Turkey’s nationalist coalition partner has proposed a bill imposing sanctions against any country whose governments accuse Turks of genocide against Armenians.
The bill, put forward by the Nationalist Action Party (MHP) on Wednesday, follows a French parliamentary vote last week recognising claims that Ottoman Turks systematically massacred 1.5 million Armenians in 1915.
A similar bill was passed by the European parliament and resolutions have been brought before the Italian and U.S. legislatures.
The Motherland Party, coalition partner of the MHP, said parliament would also consider a separate bill accusing France of conducting genocide against Algerians during the collapse of colonial rule there.
“The parliament recognises and condemns the genocide that France carried out in Algeria between 1954 and 1962,” MP Bulent Akarcali said in a statement.
Deputies from the main opposition Virtue Party also tabled a motion to formally recognise the killings of Algerians as genocide. It was not clear when parliament would vote on the measures.
Turkey angrily rejects genocide allegations, arguing that both Armenians and Turks suffered losses during clashes at the onset of World War I and before the creation of modern-day Turkey in 1923.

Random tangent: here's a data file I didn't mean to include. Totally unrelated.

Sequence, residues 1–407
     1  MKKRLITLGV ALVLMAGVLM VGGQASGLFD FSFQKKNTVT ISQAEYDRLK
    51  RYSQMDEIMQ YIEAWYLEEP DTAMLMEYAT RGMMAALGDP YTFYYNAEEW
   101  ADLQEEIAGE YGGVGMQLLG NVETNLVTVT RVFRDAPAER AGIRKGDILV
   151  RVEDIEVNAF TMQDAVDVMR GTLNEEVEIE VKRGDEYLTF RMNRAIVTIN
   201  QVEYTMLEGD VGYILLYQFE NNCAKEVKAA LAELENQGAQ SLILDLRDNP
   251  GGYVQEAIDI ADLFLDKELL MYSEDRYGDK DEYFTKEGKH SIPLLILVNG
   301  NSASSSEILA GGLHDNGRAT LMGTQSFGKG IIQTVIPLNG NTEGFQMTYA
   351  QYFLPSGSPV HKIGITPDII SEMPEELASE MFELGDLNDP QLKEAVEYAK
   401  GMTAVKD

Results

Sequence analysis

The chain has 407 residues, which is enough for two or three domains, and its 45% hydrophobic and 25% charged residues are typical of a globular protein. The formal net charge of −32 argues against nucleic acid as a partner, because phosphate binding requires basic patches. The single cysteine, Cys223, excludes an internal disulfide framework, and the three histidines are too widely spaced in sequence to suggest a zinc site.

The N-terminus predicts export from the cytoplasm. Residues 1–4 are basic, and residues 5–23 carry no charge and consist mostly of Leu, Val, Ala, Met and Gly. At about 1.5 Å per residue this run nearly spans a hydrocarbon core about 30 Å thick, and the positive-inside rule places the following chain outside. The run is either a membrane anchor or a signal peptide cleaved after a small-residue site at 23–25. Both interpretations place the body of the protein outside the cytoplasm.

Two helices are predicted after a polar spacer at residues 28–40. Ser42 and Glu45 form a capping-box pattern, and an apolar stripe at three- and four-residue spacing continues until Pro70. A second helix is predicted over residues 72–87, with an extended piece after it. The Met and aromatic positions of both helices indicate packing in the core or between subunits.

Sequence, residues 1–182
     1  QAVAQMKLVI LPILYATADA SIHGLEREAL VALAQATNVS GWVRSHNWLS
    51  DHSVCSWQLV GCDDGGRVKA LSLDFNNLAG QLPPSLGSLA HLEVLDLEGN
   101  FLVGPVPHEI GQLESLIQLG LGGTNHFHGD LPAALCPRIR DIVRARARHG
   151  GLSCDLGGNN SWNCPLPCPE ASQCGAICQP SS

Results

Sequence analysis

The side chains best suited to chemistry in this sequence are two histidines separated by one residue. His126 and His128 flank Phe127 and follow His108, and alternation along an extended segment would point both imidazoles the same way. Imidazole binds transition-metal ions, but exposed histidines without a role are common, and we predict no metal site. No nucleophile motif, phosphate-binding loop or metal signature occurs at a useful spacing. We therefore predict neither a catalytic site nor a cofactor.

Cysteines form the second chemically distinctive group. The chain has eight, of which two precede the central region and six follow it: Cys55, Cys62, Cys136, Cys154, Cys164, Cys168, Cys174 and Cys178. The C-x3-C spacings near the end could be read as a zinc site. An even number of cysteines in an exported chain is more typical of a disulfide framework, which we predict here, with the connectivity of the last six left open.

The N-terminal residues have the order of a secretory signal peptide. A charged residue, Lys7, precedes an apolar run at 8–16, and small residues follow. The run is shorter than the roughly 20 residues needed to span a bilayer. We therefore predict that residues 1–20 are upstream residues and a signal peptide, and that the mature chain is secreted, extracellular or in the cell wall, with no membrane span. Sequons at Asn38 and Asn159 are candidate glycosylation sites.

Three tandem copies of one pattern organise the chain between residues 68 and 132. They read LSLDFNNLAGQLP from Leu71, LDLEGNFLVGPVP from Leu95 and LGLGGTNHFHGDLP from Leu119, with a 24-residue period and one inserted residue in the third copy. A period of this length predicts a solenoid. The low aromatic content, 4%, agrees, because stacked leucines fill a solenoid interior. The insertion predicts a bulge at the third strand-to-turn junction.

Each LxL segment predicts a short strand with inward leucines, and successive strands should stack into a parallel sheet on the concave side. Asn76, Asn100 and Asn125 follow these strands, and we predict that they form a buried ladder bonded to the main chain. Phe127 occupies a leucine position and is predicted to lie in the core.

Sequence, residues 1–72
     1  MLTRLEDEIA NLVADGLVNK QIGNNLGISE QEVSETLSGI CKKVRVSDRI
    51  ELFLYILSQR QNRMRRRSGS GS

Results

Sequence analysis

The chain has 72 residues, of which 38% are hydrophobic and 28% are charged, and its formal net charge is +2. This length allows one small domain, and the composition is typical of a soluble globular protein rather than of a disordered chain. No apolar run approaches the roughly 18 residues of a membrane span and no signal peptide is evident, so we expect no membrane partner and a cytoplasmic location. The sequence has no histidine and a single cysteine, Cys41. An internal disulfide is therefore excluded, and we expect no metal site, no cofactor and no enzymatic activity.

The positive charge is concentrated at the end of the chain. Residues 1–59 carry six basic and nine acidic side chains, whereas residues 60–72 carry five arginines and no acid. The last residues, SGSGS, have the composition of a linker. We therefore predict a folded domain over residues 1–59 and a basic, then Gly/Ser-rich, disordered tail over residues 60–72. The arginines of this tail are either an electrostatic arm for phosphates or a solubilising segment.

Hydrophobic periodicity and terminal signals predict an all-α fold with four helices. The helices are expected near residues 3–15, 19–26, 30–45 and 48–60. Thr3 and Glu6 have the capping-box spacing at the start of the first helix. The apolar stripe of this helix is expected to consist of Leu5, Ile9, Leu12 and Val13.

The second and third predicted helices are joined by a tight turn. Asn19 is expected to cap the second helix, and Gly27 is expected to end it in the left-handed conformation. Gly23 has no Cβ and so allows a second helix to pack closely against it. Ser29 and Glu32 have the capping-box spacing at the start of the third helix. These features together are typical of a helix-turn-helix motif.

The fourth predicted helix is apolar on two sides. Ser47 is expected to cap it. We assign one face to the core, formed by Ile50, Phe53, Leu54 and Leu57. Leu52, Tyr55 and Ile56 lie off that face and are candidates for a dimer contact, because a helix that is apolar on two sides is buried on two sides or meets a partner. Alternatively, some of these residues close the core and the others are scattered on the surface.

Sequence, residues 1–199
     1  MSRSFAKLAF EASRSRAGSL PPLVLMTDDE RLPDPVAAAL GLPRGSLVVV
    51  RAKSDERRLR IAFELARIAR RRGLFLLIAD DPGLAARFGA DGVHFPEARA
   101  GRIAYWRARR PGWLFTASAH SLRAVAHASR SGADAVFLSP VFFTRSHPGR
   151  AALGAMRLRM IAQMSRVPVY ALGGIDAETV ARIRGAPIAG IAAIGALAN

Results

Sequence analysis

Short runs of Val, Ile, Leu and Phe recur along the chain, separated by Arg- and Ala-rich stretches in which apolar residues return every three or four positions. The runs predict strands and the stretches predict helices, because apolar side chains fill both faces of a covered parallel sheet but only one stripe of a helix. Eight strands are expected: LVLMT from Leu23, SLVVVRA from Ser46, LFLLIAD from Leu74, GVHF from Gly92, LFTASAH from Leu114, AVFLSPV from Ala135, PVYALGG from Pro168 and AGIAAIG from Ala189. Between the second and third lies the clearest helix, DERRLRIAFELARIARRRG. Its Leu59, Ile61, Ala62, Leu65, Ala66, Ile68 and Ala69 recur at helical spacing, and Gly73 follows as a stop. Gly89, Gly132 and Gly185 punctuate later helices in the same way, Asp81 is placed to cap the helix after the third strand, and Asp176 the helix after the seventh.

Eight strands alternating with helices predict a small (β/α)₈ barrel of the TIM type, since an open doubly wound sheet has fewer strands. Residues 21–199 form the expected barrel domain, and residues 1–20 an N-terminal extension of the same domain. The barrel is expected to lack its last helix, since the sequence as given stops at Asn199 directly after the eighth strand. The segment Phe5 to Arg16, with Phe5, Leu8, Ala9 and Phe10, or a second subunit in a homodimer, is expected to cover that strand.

But Armenians say 1.5 million people died in massacres and mass deportations towards the end of the Ottoman Empire. Many died in the long “marches” south into the Syrian desert, they say.
The new law would give the cabinet the power to invoke swift counter-measures against nations that formally condemn Turkey, the state-run Anatolian news agency said.
Sanctions would include barring those countries from lucrative public tender offers, curbing the exchange of goods and services and downgrading political and cultural relations.
Turkey said on Tuesday that it had cancelled a $149 million satellite contract with France-based Alcatel and may exclude French state-owned arms maker GIAT from a tank tender, worth some $7.1 billion.
Ankara has also recalled its ambassador from Paris for consultations. France is a NATO ally and a member of the European Union, which Turkey aims to join.
The United States Congress abandoned a “genocide” resolution, promoted by Armenian pressure groups, last year after the intervention of then U.S. President Bill Clinton.
A motion, which carries less force than a bill, has been passed by the Italian parliament.
And the European Parliament late last year passed a non-binding measure accusing Turks of genocide.